Subaru is a well-known car brand that makes vehicles that lie somewhere between off-road adventure rides and daily commuter cars.
The Outback offers a classic Subaru look that draws attention, but not every model year was created equal.
What Year Subaru Outback Should I Avoid?
The worst year for the Subaru Outback is 2013. The 2013 Subaru Outback came with a defective piston ring which causes excessive oil consumption. The 2013 Subaru Outback receives many reports of transmission failure. Some years, including 2019 and 2018, have high reports of the battery dying quickly.
Read below to learn more about why you should avoid the 2013 Subaru Outback.
You will also learn more about some other years you should avoid.
2013 Subaru Outback
The 2013 model of the Subaru Outback is rated the worst year across the board.
Everyone agrees that the 2013 model has offered the most problems to Subaru owners.
Although the 2015 Subaru Outback has the most complaints on Car Complaints, the 2013 Subaru Outback is considered worse due to high repair costs.
High Oil Consumption
High oil consumption is a trademark of Subaru.
Most used Subaru owners have to keep a few extra quarts on hand, so they can easily fill up their thirsty car.
All Subaru Outbacks suffer in some way from the oil curse, but the year model 2013 suffers from it the most.
The oil consumption in the 2013 model is caused by a piston issue.
In the engine, pistons rise to create pressure inside the cylinder which contains air and vaporized fuel.
From there, the spark plugs light the fuel and create a little explosion that sends the piston back down.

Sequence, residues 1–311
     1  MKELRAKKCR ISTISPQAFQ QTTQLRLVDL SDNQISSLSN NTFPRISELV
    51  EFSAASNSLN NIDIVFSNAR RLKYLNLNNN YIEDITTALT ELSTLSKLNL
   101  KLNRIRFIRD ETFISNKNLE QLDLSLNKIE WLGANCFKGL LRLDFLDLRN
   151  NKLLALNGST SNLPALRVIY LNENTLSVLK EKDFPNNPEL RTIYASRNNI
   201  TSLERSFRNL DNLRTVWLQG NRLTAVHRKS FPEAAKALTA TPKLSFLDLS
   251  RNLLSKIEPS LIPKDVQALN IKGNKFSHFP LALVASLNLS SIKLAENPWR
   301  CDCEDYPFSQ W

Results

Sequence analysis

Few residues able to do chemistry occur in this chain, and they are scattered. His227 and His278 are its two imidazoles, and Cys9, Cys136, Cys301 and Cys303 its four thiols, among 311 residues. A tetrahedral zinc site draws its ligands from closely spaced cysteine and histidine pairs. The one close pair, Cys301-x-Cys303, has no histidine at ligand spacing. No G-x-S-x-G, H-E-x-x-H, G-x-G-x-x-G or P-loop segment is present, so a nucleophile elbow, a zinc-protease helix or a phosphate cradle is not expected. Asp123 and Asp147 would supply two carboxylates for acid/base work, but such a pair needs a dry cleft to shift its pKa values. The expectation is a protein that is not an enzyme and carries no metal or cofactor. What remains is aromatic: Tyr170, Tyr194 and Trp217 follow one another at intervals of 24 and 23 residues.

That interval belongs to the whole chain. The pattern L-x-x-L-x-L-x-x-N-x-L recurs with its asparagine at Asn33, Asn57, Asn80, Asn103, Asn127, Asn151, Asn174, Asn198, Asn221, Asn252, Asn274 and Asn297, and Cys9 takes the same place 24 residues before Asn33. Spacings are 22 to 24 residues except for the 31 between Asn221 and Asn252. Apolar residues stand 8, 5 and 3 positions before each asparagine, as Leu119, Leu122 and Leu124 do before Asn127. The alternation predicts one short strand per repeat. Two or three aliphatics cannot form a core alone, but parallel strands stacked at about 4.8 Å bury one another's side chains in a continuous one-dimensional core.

This combustion is what gives the vehicle power to move.
The force of the moving piston creates power, which is then transferred to the wheels, so the vehicle can move.
Oil is used to coat the cylinders and pistons so they move more freely.
If a vehicle doesn’t have enough oil, you can risk scratches on your cylinders which can stop the pistons from moving.
If this happens, you will likely face more problems than simply high oil consumption.
With worn cylinders, you could face engine failure sooner than expected, lose power when accelerating, or lose power to the vehicle overall.
If a piston ring is faulty, the cylinder receives less power from combustion, and oil is used up quickly.
When a piston ring is defective, you may notice the following:
- Loss of Power
- Poor acceleration
- High oil consumption
- White or gray exhaust smoke
All of these symptoms may not show in the 2013 Subaru Outback, but they still burn a large amount of oil.
In 2014, Subaru faced a lawsuit because of this issue with the oil.
As a result of the lawsuit, Subaru increased the warranty coverage and agreed to compensate for some of the problems and repairs.
The outcomes of the lawsuit are:
- Warranty was increased to 8 years or 100,000 miles
- Subaru pays for cost of repairs, rental cars, towing, and six quarts of oil per vehicle
- Subaru offers free oil consumption tests and service bulletin repairs